She rolled her eyes. “I’m buying your coffee anyway.”
And she did.
September 27, 2012 § 36 Comments
Me: “I’m just not very introspective.”
Friend: “But you seem to write a lot about your life.”
Me: “That’s not introspection. It’s narcissism.”
One afternoon at the Coffee Bean and Gossip Leaf
I had stumbled in, mid-morning, to get a big black triple shot of get-me-through-this-fucking-day. The nice girl poured my coffee and I sat down at the giant wooden table they’ve recently put in to make the nationwide franchise look more like an indie coffee shop. I stared at the coffee in the big ceramic mug and remarked at how sad and lonely it looked, topped off as it was with non-fat milk (an oxymoron) rather than with the gooey, fat-studded chunks of heavy cream that, like pink unicorns, populate my dreams nowadays.
Two very pretty women sat down at the far end of the table. One of them was troubled. They glanced at me to make sure I was minding my own business, which made me stare even more listlessly at my coffee and listen with all my might.
The pretty blonde asked her friend, “So what’s on your agenda today, Janey?”
The pretty brunette answered, her face contorted in pain. “The usual stuff. Laundry. Gonna meet this afternoon with the girls from book club. Then fix dinner. Check the kids’ homework. Listen to Brian complain about his job. It’s all so stupid. God, my life is so stupid, Anne. It’s so stupid.”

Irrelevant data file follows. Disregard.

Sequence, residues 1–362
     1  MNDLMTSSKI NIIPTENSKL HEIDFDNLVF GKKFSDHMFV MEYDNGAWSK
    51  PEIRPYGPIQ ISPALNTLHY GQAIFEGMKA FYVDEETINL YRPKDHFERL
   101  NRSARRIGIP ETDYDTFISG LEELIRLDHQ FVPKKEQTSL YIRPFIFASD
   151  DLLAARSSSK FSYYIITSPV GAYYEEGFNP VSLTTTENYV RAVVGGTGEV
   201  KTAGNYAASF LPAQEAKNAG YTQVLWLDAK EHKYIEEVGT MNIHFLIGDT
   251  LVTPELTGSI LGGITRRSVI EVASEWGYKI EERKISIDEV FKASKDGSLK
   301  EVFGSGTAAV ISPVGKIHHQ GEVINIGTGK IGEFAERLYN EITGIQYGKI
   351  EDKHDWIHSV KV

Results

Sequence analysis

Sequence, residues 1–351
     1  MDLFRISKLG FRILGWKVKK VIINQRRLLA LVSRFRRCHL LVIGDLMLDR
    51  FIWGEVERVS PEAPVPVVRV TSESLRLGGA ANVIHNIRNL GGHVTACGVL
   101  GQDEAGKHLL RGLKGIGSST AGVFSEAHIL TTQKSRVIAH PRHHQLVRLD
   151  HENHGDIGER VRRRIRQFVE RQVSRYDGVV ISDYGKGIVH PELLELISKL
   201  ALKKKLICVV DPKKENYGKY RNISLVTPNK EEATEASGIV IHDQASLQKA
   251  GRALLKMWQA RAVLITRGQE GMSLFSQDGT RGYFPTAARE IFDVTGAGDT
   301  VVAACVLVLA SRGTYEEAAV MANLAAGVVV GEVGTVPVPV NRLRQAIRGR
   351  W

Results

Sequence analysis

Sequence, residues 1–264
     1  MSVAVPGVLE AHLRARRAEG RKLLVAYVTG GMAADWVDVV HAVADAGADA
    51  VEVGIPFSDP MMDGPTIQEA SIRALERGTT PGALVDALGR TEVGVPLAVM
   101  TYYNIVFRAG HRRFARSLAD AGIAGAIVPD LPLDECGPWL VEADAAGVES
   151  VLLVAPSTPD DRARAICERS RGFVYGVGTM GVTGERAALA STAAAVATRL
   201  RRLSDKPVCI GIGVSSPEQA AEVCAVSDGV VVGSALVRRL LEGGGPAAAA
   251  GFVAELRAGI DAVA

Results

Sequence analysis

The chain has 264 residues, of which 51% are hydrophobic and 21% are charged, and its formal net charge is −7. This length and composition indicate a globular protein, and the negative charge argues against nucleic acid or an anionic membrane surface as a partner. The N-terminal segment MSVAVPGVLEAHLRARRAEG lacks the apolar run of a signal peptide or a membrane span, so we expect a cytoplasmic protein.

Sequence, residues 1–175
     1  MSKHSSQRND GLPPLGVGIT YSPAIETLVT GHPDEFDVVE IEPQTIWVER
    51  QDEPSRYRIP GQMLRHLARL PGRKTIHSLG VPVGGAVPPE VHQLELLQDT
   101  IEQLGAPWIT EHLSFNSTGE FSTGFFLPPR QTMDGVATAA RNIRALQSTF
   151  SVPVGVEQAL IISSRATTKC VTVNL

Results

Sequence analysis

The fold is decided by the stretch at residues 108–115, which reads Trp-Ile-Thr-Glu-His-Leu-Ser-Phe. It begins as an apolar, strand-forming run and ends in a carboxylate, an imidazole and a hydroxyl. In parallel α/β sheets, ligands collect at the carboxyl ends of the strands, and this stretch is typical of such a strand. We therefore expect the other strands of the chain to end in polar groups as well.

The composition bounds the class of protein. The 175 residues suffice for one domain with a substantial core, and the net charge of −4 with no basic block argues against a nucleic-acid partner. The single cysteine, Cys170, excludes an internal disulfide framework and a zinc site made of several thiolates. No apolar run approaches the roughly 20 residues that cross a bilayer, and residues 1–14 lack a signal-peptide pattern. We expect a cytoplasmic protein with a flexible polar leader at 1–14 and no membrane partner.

Anne reached across the table and grabbed her friend’s hand. “It’s not stupid. Why’s it stupid?”
Janey didn’t say it, but a huge wave of my-life-is-passing-me-by swept over the table. “All these things, what’s the point? I’m just taking up hours in the day. It’s all so pointless. And stupid.” She was crying now.
“It’s not stupid!” the other woman answered, and she spoke with the warmth and passion of a friend. “Janey, think of all the people who love you. Think of all the people for whom you’re a ray of happiness and light! Think of your kids who love you and to whom you’re the world, Janey. That’s not stupid! That’s as far away from stupid as life gets.”
Janey was crying so hard that her shoulders shook.
I gripped my coffee cup tightly, feeling it burn my palms as I tried to keep looking listless. But what I really wanted to do was jump up and give that crying lady a hug and say, “It’s not stupid! Listen to your friend. If your life is stupid then all of our lives are stupid. There aren’t any stupid lives, Janey, only people who don’t have someone sitting next to them when they need it most to remind them that it’s not stupid, that their lives have meaning and are important even if they don’t feel it at that very second!”
My hands were trembling from the pain of the hot coffee, and from Janey’s pain, too, I guess. I’m kind of a pain conductor that way. I was frozen with fear for this nice young lady and her sadness. I wanted to say to her, “Janey, my brother thought his life was stupid, too, but after he took it, it just proved how stupid his life really wasn’t. We’re destined never to see who and how and why we are what we are, but don’t mistake that for a stupid life. Please, please, don’t.”